File - In this June 7, 2013, file photo, the Facebook "like" symbol is on display on a sign outside the company's headquarters in Menlo Park, Calif. (AP Photo/Marcio Jose Sanchez, File)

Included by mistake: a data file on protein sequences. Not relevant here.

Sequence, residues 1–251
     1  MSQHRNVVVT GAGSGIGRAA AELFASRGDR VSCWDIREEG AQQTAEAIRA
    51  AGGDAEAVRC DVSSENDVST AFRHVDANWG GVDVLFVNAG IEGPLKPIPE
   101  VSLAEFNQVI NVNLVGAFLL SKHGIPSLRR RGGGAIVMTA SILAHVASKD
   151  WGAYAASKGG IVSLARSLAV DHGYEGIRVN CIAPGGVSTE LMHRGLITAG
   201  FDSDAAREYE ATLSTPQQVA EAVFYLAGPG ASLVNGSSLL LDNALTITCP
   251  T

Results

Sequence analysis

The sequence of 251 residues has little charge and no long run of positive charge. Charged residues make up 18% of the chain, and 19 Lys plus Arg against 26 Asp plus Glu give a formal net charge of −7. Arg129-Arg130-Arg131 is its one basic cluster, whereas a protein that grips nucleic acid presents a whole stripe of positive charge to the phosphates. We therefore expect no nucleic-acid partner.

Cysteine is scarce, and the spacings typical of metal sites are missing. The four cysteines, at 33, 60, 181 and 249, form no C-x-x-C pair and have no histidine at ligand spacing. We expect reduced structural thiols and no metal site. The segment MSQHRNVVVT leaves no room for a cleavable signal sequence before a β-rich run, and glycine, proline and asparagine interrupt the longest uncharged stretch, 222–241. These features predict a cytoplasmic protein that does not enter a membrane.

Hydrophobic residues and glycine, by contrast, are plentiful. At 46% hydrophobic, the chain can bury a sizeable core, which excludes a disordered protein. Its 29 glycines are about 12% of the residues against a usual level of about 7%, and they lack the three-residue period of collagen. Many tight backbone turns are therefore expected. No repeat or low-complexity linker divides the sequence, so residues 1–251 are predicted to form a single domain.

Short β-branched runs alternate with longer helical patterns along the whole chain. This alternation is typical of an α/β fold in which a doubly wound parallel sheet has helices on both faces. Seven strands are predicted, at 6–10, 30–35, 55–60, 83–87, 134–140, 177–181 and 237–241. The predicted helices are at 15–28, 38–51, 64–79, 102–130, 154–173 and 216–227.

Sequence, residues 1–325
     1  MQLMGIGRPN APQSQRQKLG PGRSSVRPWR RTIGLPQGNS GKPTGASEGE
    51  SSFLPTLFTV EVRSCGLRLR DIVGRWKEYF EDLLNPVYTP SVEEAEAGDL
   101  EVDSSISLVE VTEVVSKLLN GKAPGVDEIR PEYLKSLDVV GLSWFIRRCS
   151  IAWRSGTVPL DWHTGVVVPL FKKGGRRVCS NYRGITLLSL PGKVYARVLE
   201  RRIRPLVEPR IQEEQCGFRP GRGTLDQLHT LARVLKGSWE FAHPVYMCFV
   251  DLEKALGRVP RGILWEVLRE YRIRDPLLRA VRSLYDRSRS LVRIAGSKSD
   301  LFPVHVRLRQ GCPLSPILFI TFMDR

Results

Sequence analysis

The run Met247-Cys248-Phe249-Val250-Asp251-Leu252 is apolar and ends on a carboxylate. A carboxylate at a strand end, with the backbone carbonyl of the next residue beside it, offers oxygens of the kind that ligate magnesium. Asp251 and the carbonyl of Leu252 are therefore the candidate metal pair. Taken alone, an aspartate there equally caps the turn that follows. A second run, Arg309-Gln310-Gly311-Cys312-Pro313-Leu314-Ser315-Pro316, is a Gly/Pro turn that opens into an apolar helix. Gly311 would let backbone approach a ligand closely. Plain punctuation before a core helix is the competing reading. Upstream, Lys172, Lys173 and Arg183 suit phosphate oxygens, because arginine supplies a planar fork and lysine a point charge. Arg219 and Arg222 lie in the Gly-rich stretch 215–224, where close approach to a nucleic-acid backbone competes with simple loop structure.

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Facebook, which began as a social network for college students and the academic community, has experienced exodus before, albeit usually more gradually.Young people have edged away from it in favor of other platforms such as Snapchat, WhatsApp and Instagram (the latter two are owned by Facebook now), and many maintain a presence but use it rarely. Internationally, while Facebook remains widespread, insurgent social networks built around messaging, such as Line in Japan and Thailand, WeChat in China and KakaoTalk in South Korea, have supplanted it.But as the granddaddy of the major social networks, Facebook boasts more than 2.2 billion users – nearly 30 percent of the world's population, a community vastly larger than any nation. Still others expressed the perennial wish of Facebook users when confronted with contentious debate: Can't we all just post nice things and stay away from politics? And finally, the payoff question: Will Facebook even let me quit? Is it any wonder, then, that so many people covet the bonds of community – even virtual community – and the reinforcement that accompanies them?
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